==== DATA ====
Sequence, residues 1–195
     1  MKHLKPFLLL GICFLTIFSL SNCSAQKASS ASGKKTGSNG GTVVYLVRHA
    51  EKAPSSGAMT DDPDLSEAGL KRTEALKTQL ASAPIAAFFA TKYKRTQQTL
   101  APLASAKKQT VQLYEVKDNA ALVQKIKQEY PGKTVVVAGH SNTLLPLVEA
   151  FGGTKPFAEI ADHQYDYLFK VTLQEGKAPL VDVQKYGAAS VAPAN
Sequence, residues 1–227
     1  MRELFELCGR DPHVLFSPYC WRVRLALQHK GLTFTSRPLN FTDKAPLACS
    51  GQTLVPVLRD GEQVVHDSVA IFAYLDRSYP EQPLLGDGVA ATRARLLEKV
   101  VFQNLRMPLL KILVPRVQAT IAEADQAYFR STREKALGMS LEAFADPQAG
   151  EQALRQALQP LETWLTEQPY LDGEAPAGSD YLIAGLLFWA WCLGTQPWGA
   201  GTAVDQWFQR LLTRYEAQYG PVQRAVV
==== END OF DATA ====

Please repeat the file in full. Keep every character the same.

Sequence, residues 1–195
     1  MKHLKPFLLL GICFLTIFSL SNCSAQKASS ASGKKTGSNG GTVVYLVRHA
    51  EKAPSSGAMT DDPDLSEAGL KRTEALKTQL ASAPIAAFFA TKYKRTQQTL
   101  APLASAKKQT VQLYEVKDNA ALVQKIKQEY PGKTVVVAGH SNTLLPLVEA
   151  FGGTKPFAEI ADHQYDYLFK VTLQEGKAPL VDVQKYGAAS VAPAN
Sequence, residues 1–227
     1  MRELFELCGR DPHVLFSPYC WRVRLALQHK GLTFTSRPLN FTDKAPLACS
    51  GQTLVPVLRD GEQVVHDSVA IFAYLDRSYP EQPLLGDGVA ATRARLLEKV
   101  VFQNLRMPLL KILVPRVQAT IAEADQAYFR STREKALGMS LEAFADPQAG
   151  EQALRQALQP LETWLTEQPY LDGEAPAGSD YLIAGLLFWA WCLGTQPWGA
   201  GTAVDQWFQR LLTRYEAQYG PVQRAVV